Buying a cannabis business does not occur in a matter of days, and transactions fall apart for a variety of reasons, as we discussed in Part 1 of this blog series focused on the buy-side of a cannabis M&A transaction. In Part 2, we focused on the regulatory environment, discussing concepts that first-time buyers and their attorneys should be aware of. In Part 3, we looked into things to consider when hiring your cannabis attorney. Today, we have brokers in the crosshairs.
I don’t hate brokers, but I also don’t want to invite most of them to dinner. I expect brokers to pull their fair share of a transaction. Some brokers are really good at doing that, but others are only focused on two things: (1) connecting the buyer and seller and (2) closing as fast as possible so they can get paid.
(If you’re wondering whether Cannabis brokers are any different from other brokers, take a look at my blog post for our sister China Law Blog on international personal protective equipment (PPE) brokers.)
Cannabis business brokers that provide general brokerage services (connecting buyers and sellers) are common in the industry, but like most industries, broker competence and experience vary significantly. There are specialized cannabis business brokerage firms, some of which also provide valuation services, but counsel will most likely run across real estate brokers and non-cannabis brokers who will know little about the industry and contribute little to the transaction other than pushing to close as quickly as possible.
Even developed cannabis markets like Washington, Oregon, and California do not have licensed cannabis brokers. In my opinion, we will probably never see any brokers who need to be licensed in order to deal in cannabis assets.
Much like the real estate market, brokers can represent a buyer or a seller or act as a dual agent with written consent from both parties. The fee arrangement typically mirrors the assets being sold: a real-estate centric deal with a real estate agent involved will be in the 6% total commission range, while a business broker will typically require a 10% commission, with payment either split between the parties (in a real-estate centric transaction) or paid entirely by the seller (in a business-focused transaction) unless negotiated otherwise.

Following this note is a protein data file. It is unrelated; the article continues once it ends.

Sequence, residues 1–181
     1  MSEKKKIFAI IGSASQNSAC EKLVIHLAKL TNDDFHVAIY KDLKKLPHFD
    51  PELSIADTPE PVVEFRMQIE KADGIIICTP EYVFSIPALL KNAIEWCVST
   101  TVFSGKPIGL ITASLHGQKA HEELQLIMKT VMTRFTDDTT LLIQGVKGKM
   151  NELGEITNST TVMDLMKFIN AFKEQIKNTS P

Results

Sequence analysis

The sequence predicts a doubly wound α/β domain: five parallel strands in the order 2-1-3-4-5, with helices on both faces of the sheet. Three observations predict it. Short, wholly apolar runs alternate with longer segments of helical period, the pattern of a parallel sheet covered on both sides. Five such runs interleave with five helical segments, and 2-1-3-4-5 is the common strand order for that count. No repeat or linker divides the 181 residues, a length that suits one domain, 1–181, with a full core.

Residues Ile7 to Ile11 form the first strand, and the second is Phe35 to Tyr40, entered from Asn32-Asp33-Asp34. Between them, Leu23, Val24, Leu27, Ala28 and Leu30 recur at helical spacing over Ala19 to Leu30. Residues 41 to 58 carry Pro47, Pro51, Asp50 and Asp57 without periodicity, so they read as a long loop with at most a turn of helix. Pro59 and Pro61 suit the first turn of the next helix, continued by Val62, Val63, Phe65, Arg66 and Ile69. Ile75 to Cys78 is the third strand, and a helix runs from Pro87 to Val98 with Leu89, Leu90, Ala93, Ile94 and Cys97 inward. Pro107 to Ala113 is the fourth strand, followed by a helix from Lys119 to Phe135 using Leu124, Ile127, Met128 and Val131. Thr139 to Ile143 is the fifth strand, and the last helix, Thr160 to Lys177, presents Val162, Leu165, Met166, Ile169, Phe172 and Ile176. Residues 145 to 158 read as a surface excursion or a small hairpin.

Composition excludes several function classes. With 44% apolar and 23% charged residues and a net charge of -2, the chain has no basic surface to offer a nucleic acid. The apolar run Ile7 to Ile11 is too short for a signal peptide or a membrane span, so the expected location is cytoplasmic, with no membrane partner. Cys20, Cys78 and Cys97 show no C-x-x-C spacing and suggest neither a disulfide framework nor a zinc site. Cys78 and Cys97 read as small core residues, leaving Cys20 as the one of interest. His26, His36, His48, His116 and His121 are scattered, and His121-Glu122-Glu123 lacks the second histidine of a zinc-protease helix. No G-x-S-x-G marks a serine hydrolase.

If a broker is involved in the transaction, you and your legal counsel will need to evaluate the broker’s competence and qualifications before allowing the broker to facilitate the due diligence process or any part of the transaction. If the broker is not competent, counsel should advise the buyer that the transaction will proceed more efficiently without the broker’s material involvement in the due diligence.
As a great rule of thumb, you should never let your broker provide the contract that will be used for the transaction. Even outside the cannabis context, brokers who choose to use the “industry standard” form contracts tend to end up with a slew of amendments that do not always make sense and never contribute to clarity. I am not saying this just as an experienced lawyer; I’m saying this as a dispassionate human being who extremely dislikes inefficiencies and disorder, especially where significant legal rights and sums of money are involved.
Almost as a rule, counsel should seek to modify or entirely replace existing broker-facilitated transaction contracts with counsel’s own contracts as soon as possible, even in a real-estate centric transaction. Very few broker-preferred contracts (even ones they have used in “dozens of deals” will contain the level of detail and protection you will want in the transaction documents.
Lastly, even though I generally meet brokers with an upraised eyebrow, your legal counsel should never advise you to circumvent your contractual obligations to your broker. It’s usually not legally justifiable, and it’s not the right decision, even if you balk at the broker’s take-home percentage of the transaction.
Keep your eyes open for the good brokers, and when you find them, please send them my way.